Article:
Markets boosted by the start of the launch of Oxford vaccine – live business


Continuous coverage of the latest economic and financial news as investors bet on the potential of the vaccine from Oxford/AstraZeneca.

Almost 105,000 new mortgages were authorised by British lenders in November, the highest number since the August 2007 global financial crisis.

This was an improvement from more than 98,300 in October and, according to newly released Bank of England data, surpassed Reuters estimates of 82,500 total approvals.

This comes as homebuyers are scrambling to take advantage of the exemption from stamp duty before it expires on 31 March.

Non-secured loans, however, dropped by £ 1.5 billion as borrowers made bigger debt payments.

This follows a net repayment in October of £700 million. The majority of repayments is paid for by credit cards.

In November, households fortunate enough not to have been affected by work cuts and losses of income were also able to set more money away. Data shows that deposits increased in November by £ 17.6 billion, compared to £ 12.7 billion in October.

Joe Weisenthal Weisenthal
Stalwart (@TheStalwart)
Markets start in the green for the year. It’s all up to

4th Jan, 2021

The FTSE 100 is up nearly 3 percent this morning, leading European stock markets, all of which are still in positive territory.

However, before Covid-19 was declared a pandemic, it is worth noting that the blue chip index is already about 1,000 points below where it was in January 2020.

DATA FLASH: Last month, UK production activity grew to its highest level since November 2017.

In December, the manufacturing PMI rose to 57.5, up from 55.6 the previous month.

A reading above the expansion of 50 signals.

This happened as factories hurried to complete work on December 31, before the end of the Brexit transition era. Experts cautioned, however, that this level of activity will not last, so weaker readings in the early months of 2021 are expected.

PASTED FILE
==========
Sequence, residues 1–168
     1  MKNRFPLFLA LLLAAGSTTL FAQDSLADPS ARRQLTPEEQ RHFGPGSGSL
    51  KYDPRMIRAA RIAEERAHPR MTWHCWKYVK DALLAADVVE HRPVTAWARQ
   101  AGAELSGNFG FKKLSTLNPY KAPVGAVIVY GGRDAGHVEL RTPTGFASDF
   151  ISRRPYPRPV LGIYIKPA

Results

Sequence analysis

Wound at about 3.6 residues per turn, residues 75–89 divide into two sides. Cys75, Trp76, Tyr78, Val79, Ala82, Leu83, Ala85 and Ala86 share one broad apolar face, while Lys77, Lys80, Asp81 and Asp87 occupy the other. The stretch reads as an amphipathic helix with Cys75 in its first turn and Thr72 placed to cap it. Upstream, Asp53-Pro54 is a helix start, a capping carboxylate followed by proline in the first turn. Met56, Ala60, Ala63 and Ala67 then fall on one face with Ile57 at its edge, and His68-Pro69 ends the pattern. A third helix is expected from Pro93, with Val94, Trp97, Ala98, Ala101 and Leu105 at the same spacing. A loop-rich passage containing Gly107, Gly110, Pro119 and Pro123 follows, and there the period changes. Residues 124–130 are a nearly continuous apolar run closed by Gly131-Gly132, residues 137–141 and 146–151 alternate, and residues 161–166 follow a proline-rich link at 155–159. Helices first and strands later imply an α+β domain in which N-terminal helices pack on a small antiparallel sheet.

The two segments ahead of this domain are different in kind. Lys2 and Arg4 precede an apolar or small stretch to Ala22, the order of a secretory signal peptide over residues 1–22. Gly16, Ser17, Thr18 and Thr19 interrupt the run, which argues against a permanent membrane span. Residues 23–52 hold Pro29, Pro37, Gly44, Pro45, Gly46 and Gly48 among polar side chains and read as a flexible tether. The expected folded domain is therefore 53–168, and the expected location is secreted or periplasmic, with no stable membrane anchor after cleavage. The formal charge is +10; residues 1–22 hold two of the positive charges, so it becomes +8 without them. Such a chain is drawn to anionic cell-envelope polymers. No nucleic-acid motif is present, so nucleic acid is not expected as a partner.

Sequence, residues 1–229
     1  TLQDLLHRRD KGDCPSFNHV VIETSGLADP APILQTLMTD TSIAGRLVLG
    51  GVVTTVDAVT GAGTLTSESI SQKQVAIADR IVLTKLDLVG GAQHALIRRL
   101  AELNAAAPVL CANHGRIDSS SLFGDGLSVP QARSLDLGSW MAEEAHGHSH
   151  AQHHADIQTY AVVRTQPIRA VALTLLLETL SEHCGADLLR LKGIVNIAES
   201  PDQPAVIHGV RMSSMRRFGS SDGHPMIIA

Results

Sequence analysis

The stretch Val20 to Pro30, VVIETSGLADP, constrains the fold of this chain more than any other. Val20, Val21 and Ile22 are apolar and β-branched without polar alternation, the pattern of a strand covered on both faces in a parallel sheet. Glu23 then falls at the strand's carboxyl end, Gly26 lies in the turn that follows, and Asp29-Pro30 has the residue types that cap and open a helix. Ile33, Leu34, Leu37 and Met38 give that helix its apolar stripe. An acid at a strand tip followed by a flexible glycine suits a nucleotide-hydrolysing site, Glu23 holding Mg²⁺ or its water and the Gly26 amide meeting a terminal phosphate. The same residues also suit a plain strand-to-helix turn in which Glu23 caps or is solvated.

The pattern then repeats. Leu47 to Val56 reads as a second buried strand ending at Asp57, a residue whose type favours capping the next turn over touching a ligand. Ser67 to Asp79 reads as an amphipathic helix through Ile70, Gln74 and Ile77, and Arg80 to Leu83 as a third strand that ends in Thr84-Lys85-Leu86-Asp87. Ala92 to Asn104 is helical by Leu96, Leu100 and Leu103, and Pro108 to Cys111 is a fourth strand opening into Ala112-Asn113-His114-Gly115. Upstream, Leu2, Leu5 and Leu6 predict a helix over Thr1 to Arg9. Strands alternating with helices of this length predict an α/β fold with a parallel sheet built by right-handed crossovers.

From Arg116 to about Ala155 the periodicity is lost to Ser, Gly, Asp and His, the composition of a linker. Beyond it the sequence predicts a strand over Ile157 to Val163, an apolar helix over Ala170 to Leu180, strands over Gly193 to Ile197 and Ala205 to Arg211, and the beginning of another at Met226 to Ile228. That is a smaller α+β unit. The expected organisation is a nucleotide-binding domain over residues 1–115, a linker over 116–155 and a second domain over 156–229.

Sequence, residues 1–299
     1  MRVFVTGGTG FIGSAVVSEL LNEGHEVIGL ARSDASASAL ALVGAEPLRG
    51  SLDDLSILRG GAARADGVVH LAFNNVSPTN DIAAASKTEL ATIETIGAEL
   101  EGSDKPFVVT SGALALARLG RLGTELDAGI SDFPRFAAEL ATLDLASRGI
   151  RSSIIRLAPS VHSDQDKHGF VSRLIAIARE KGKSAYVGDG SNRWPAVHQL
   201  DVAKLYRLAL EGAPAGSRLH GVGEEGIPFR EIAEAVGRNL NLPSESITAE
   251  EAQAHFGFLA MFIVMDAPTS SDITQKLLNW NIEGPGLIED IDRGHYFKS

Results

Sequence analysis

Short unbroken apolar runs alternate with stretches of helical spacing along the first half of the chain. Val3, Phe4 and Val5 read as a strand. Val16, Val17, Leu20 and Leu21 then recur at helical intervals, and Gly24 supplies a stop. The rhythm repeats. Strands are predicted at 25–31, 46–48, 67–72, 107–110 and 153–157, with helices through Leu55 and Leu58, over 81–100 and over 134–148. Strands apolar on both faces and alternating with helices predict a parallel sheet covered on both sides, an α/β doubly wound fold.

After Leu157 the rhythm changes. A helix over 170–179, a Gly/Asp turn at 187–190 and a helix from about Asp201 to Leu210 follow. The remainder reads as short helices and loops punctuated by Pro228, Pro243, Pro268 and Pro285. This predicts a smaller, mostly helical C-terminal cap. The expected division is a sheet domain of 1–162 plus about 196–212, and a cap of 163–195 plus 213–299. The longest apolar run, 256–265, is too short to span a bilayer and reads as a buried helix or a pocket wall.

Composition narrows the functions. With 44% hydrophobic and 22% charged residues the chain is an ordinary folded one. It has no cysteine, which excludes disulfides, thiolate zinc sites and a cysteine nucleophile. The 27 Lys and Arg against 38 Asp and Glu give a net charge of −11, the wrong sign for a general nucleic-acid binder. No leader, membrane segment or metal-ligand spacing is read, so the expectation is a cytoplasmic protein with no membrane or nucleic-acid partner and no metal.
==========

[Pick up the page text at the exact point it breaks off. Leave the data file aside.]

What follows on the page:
Howard Archer by Howard Archer
@HowardArcherUnited Kingdom]
#PMI shows that, despite restrictions being lifted by replenishment before the end of the UK-EU transition period, #manufacturing operation in the UK was at a 37-month high in December.

There is also a positive effect on lengthening supply chains. PMI at 57.55 percent (flash 57.3; 55.6 in November). Growth in production slows; new orders increase.

4th Jan., 2021

Rob Dobson, director at IHS Markit, which produces the survey, said:

In December, the manufacturing PMI rose to its highest level in more than three years, mainly due to a last-minute planning boost ahead of the end of the Brexit transition phase.

Customers, particularly those based in the EU, made their purchases, which temporarily boosted their sales.

In the first months of 2021, it seems likely that this boost would reverse, which would mean a slow start to the year. It should also be noted that, prior to border closures, the December PMI data was obtained, which could have caused several businesses to further interrupt logistics and production.

This morning, the pound is losing ground against the euro, dropping more than 0.5% to about 1.11266 this morning.
Not only is the euro benefiting from strong PMI output numbers, but the pound is also primed for a rally after the Brexit agreement. News that the United Kingdom and the EU have signed a last-minute trade deal has sent the pound soaring.

Against the US dollar, the euro is also gaining ground, rising 1.2 percent to about 1.2296.

DATA FLASH: Eurozone manufacturing PMI rose to 55.2 in December from 53.8 in November.

It was slightly below flash estimates of 55.5, but since May 2018, it is still the highest reading. The bloc’s performance was boosted by manufacturing activity in Germany, the Netherlands and Ireland.

Chris Williamson, chief business economist at IHS Markit, said it was an “encouragingly strong” year-end reading for the sector, with output growth at one of the highest levels in the last three years.

The solid performance of manufacturing amid the tightening of COVID-19 restrictions in the final months of 2020 is a big contrast to the closures earlier in the year, with factories acting as a crucial pillar of the economy while the service sector is hit by harsh social distancing measures.

The strong growth of the manufacturing sector is largely due to booming demand for German goods, which account for most of the productio


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